Yes, You Can Time the Market!

  • ID: 2326401
  • Book
  • 208 Pages
  • John Wiley and Sons Ltd
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Praise for Yes, You Can Time the Market!

"‘Buy and hold’ makes sense for the average investor in stocks. Even better, say Stein and DeMuth, is to buy only when prices are low and hold when prices are high, keeping accumulating savings in Treasuries while waiting for ‘low’ prices. They define ‘low’ and ‘high’ prices by historical experience. An interesting and thoughtful analysis."
Professor Milton Friedman
University of Chicago, Hoover Center
Nobel Prize Winner in Economics, 1976

"Wall Street, prepare yourself. Ben and Phil hit the nail on the head with their insightful guide to investing. No gimmicks, no games, just tapping the true power of economics to make sensible investment decisions. Add to that the authors’ dry wit, and this handbook is a must–read for investors small and large."
Diane C. Swonk
Director of Economics, Chief Economist
Senior Vice President, Bank One Corporation

" The logic and reasoning are persuasive. Stein and DeMuth buttress them with evidence, lots of it. The term ‘valuable’ properly applies to the guidance of the conclusions."
C. Lowell Harriss
Professor Emeritus of Economics
Columbia University

"How refreshing to read commonsense advice about the stock market! Stein and DeMuth’s findings are both verifiable and free of quantitative trickery. What’s more, their writing is as clear and straightforward as the methods they recommend."
Martin Fridson
author, It Was a Very Good Year:
Extraordinary Moments in Stock Market History

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Chapter OneThe Impossibility of Market Timing 1

Chapter TwoThe Power of Price 9

Chapter ThreeThe Price/Earnings Ratio 29

Chapter FourDividend Yields and Market Timing 51

Chapter FiveFundamental Value 69

Chapter SixBonds, Price–to–Cash Flow, Price–to–Sales 87

Chapter SevenCombining Factors for Superior Returns 103

Chapter EightUsing Market Timing 135

Chapter NineLooking Forward: A Note of Caution 165

Appendix 179

Bibliography 183

Index 187

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Arriving a few years too late to slap some reality into the legions of day traders suckered by the stock market gold rush, TV game show host Stein′s latest is still a smart, commonsense guide to investing. Stein and DeMuth′s primary dispute is with the old adage that one can never tell when the market is going to go up or down, something they attempt to disprove with a wealth of charts showing how to buy stocks cheaply over the long term (as in decades). This is no get–rich–quick scheme, merely a case being made to, in essence, treat the Street like many fans treat baseball: work the numbers. In between the sizable chunks of data, Stein and DeMuth drop in bits of advice, e.g., pay more attention to the S&P 500′s trends than frequently slippery P/E ratios; invest in bonds before stocks–they′re more stable; and always, always buy low. Best of all is a three–page cautionary list that should be required reading for anyone even thinking of investing. Some of the better nuggets: "Does the word ′synergy′ appear in the prospectus?...Run!"; "Never accept any unsolicited financial advice"; and "Do not invest in a store because you see a lot of customers there at the mall or because you like the coffee or blue jeans or jelly beans. Sales do not equal profits." Again, where was this book when we needed it? (Apr.) (Publishers Weekly, March 24, 2003)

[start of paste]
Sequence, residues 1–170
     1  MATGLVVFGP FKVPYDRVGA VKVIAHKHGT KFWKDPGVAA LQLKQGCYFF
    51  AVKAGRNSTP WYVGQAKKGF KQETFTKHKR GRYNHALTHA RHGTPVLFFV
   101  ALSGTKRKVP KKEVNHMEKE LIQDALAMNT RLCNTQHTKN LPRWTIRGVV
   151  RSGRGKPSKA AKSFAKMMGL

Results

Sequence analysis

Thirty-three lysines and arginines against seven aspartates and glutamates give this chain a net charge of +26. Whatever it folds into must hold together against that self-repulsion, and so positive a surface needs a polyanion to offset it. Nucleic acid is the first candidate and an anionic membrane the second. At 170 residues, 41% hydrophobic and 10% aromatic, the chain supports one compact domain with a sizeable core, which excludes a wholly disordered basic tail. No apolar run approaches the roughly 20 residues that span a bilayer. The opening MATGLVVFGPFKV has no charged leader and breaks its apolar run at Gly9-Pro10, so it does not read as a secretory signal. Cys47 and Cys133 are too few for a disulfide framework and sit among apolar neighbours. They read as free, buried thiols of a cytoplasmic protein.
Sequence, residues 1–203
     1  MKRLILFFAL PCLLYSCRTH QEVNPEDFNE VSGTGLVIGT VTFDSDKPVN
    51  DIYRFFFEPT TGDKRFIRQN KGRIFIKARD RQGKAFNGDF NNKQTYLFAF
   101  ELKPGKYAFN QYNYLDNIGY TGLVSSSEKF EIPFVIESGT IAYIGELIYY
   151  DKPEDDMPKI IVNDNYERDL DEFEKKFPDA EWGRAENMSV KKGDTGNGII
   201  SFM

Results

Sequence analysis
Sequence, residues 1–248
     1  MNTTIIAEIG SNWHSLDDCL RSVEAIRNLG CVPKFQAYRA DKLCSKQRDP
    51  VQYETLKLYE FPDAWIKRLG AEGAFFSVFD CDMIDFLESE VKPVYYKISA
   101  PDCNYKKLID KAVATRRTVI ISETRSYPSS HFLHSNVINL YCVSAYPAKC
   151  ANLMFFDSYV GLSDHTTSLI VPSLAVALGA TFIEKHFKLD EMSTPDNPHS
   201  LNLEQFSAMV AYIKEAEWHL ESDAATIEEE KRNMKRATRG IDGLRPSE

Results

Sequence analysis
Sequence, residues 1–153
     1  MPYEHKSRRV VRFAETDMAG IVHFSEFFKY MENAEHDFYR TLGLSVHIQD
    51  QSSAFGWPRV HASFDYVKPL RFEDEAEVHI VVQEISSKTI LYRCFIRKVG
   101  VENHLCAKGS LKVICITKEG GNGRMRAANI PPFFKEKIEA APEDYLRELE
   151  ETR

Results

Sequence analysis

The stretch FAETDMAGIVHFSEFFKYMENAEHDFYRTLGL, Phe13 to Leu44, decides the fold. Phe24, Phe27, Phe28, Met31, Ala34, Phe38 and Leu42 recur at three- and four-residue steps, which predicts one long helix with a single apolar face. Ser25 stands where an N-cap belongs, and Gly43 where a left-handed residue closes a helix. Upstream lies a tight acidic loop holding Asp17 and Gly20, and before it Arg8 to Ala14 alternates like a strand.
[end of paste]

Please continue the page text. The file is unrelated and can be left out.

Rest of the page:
Stein may be known for the droll sense of humor he exhibits on his Comedy Central show, Win Ben Stein′s Money, but it is hardly evident in this straightforward investment guide. Writing with coauthor DeMuth, an investment adviser, the former Nixon speechwriter counters the "conventional wisdom" that investors cannot time (or predict) their investment decisions to maximize profits. The authors cite a number of technical factors – e.g., Tobin′s Q, price/earnings, dividend yield, price to cash flow, and price to sale – to show that careful study of these metrics demonstrates that some times are better than others for going into the market or buying a particular stock. They also show that protestations to the contrary, the "street" frequently times the market. Eighty tables and graphs are used to buttress their case. Stein′s popularity and the use of his face on the book′s cover may draw readers beyond the usual investment crowd, though some may find this joke–free treatment a bit too technical. Still, it is a competently written, well–argued case for a sensible investment approach and is quite suitable for academic and larger public libraries. Patrick J. Brunet, Western Wisconsin Technology Coll., La Crosse. (Library Journal, May 1, 2003)

"′s readable, coherent, sensible, good–natured..." (Barron′s, May 26, 2003)

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